Ubuntu Dumps the Brown
The jury is still out on Ubuntu's new color scheme, but there seems to a consensus on the one it just replaced: awful. If Ubuntu wanted companies to take it seriously, it should never have made its "prime product offering look like the artwork from a pumpkin pie box," said Slashdot blogger Barbara Hudson. "It's not just ugly -- it's fugly-ugly. Even in Soviet Russia."
Mar 11, 2010 5:00 AM PT
Color is not typically a topic of much discussion on the Linux blogs, but in recent weeks, it's been drawing a lot of attention.
Why, you ask? Simple: Ubuntu recently announced a major change to its longstanding "Human" earthtone-palette theme and branding.
"I don't know whether to call it 'poo brown' or 'dirt brown,' but either way it is seriously awful," Slashdot blogger hairyfeet told LinuxInsider.
Orange and Aubergine
The new theme is meant to focus on the concept of "Light," and it uses primarily hues in the dark purple and orange ranges.
"We identified a palette which includes both a fresh, lively Orange, and a rich, mature Aubergine, which work together," Canonical's Mark Shuttleworth explained in a post accompanying the announcement. "The use of Aubergine indicates Commercial involvement of one form or another, while Orange is a signal of community engagement."
Along with a "warm gray supporting colour to give shape to pages and documents" and new logo designs, the overall effect is that Ubuntu 10.04 LTS and beyond will look very, very different.
'I Welcome Our New Purple Overlords!'
Did Linux geeks take the news sitting down? You bet your Burnt Umber boots they didn't, and the chatter could be heard far and wide, on sites including
"Yay! I for one welcome our new purple overlords!" wrote Scorp1us among the 100-plus comments on Ars Technica, for example. "I never liked the brown."
'No Longer Will Newbies Be Put Off'
On the other hand: "The Human icons look out of place now, and beige doesn't seem to go well with purples," countered Wheels of Confusion.
Then again: "At last, ubuntu has got what it needed, a new colour scheme and background," wrote TuxRadar's OST. "No longer will the newbies be put off by ubuntu's terrible and boring brown."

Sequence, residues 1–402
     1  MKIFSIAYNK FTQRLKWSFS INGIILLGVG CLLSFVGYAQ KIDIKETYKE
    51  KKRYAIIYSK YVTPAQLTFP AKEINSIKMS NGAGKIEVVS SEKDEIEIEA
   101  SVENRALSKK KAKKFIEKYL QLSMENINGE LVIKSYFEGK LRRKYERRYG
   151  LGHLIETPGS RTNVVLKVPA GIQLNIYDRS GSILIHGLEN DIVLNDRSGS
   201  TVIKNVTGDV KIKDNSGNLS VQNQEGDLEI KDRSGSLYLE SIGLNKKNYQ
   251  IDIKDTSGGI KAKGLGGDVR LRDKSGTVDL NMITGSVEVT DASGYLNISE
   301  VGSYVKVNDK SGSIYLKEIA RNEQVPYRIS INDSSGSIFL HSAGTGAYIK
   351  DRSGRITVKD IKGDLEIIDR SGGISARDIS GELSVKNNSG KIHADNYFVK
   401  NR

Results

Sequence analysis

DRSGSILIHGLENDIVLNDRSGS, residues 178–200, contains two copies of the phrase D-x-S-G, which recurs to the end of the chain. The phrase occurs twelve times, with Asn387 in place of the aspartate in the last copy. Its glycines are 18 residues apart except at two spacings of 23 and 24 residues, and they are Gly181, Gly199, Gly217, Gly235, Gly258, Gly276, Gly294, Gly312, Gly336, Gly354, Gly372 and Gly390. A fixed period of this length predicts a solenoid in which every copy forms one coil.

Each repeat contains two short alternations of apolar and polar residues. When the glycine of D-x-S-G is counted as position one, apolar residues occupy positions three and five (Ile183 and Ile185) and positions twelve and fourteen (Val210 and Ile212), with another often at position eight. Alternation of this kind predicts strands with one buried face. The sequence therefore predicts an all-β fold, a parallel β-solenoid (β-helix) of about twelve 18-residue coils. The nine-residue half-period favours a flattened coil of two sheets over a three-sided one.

Opinions on the matter seemed to be divided firmly into the "yea" and "nay" camps, with surprisingly vigorous arguments put forth on both sides. Linux Girl determined to see whether bloggers on the street would react with as much passion.
'Not Just Ugly - Fugly-Ugly'
"Good for Ubuntu," said Montreal consultant and Slashdot blogger Gerhard Mack. "The old version was a tad ugly."
Indeed, "the old color scheme was unattractive for me," agreed blogger Robert Pogson.
"I live in a green world of forests; Ubuntu originated in South Africa where earthtones are more appropriate," Pogson explained. "I suspect Ubuntu is right to seek a more globally attractive theme."
On the other hand, if Ubuntu wanted companies to take it seriously, it should never have made its "prime product offering look like the artwork from a pumpkin pie box," said Barbara Hudson, a blogger on Slashdot who goes by "Tom" on the site. "It's not just ugly -- it's fugly-ugly. Even in Soviet Russia."
'Otherwise Known as 'Blight'
Hudson is equally unimpressed with the new "Light" theme, however.
"In their announcement, they said that they have a team of professional artists," she told LinuxInsider. "My question is, in light of the new fugliness -- the colour scheme otherwise known as 'blight' (the 'b' is silent) -- why didn't they use them?"
The new look "is a bit of a shock to me," Australian blogger Jeremy Visser admitted. "Then again, so was the major theme change in the 6.06 'Dapper Drake' release, which grew on me after a short while."
People *do* judge software by its appearance, however, so branding is Canonical's most important asset, Visser told LinuxInsider. "Sure, the software needs to work, but nobody is going to use it if they're not drawn in by the shiny factor, whatever 'shiny' is," he added.
'Let the People Choose'
"I sympathize with Ubuntu," Slashdot blogger Eldavojohn opined. "They're engineers, not Salvador Dali.
"I thought Ubuntu is supposed to be 'for humans,' right?" hairyfeet asserted. "And isn't Linux supposed to be all democratic, by the people and for the people?
"So why not let them decide?" he wondered. "Why not cook up a page with all the basic colors ... white, black, blue, red, yellow, green and dirt brown, along with a checkbox that says whether you prefer plain, metallic or see-through, and let the people choose?"
A Promising Sign
Of course, the very fact that Ubuntu felt the need to undertake a rebranding at all is a testament to how far it has come, Slashdot blogger Josh Ulmer pointed out.
"It's a clear indication that open source is finally beginning to pervade the public consciousness enough that such a change is warranted," he said.
As for Linux Girl's view? She's never been a big fan of brown -- nor of orange, for that matter. But as long as Ubuntu never looks like this, she'll be happy! ;-)